Note: This post was written in 2014. We’ve written more content with new research since then, including Improve Customer Experience in Retail Stores With New Technologies.
Attendees of this year’s Super Bowl had the opportunity to stroll down Broadway in midtown Manhattan before the big game and receive personalized, location-specific shopping alerts. These alerts are made possible by mobile-enabled foot traffic technology, which retailers around the country are increasingly using as a way to better understand customer behavior and boost sales.
This technology works by communicating with the unique mobile device IDs smartphones give off when they recognize a store’s WiFi or Bluetooth network. By tracking the movement of a customer’s phone, this technology can gather data on how its owner moves around a particular location.
Retailers use this technology to determine peak traffic behaviors, conversion rates and dwell times in the stores. This data can be used to plan and re-configure store layouts and merchandise displays in order to better attract shoppers, and studies have shown that using this data strategically can boost sales and customer loyalty.
Some solutions work off stores’ existing WiFi networks, while others require their own specific gear (such as WiFi or Bluetooth controllers) to be placed in or near the store. Others are becoming increasingly sophisticated—Hugo Boss, for example, is using heat sensors to help figure out how to arrange products in its high-end clothing stores.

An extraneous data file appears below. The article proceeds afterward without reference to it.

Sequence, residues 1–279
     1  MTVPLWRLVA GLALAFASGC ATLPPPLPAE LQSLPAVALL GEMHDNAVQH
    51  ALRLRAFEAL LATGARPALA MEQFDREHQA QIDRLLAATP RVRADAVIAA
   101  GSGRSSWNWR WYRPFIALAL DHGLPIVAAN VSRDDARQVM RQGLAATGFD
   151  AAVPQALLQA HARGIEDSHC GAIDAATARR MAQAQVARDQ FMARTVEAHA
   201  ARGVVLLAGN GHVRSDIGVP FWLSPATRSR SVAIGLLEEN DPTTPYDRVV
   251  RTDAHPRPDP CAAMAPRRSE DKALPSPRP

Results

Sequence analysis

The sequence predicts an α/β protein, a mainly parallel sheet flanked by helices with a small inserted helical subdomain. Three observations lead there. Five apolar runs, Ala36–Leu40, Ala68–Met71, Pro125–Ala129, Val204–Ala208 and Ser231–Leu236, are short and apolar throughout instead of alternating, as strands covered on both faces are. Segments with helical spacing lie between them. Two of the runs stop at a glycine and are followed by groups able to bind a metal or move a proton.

So, what benefits can your business realize from this technology? Here are four ways retailers can use the data these solutions collect to boost sales.
Identify the Cause of Best and Worst-Performing Stores
One of the biggest benefits this technology offers is the ability to figure out the root cause behind sales variations across different stores. In other words, is your best-performing store generating more sales simply because it’s in a location that receives higher traffic, or because of the way it displays merchandise?
Comparing the differences in sales volume is one way to better understand this. One youth-oriented clothing retailer, for example, used this technology to analyze average shop times across their stores. It found that, in the highest-performing stores, customers shopped for an average of 34 minutes and spent $60, while customers in the lowest-performing stores shopped for only 22 minutes and spent just $40 (see graph below).
Average visitor shop time in a clothing retailer’s high vs low-performing stores
After analyzing the data further, the retailer tested a variety of incentives to keep shoppers engaged in lower-performing stores. As a result, the company boosted average shop times in lagging stores by five to seven minutes, which resulted in an additional $25 million in annual sales.
Use Results to Bolster Other In-Store Efforts
This technology can also be used in conjunction with other forms of in-store advertising. Take the State of Vermont Welcome Centers, a collection of 16 storefronts located on major highways near well-known Vermont tourist destinations that receive over 4 million annual visitors.
“The centers are like museums of local Vermont handicrafts,” says Al Levy, who was CEO of Route802, a Vermont-based digital media company that shuttered its offices in September of 2015. “They’re designed to promote Vermont businesses and locally-grown products, such as coffee.”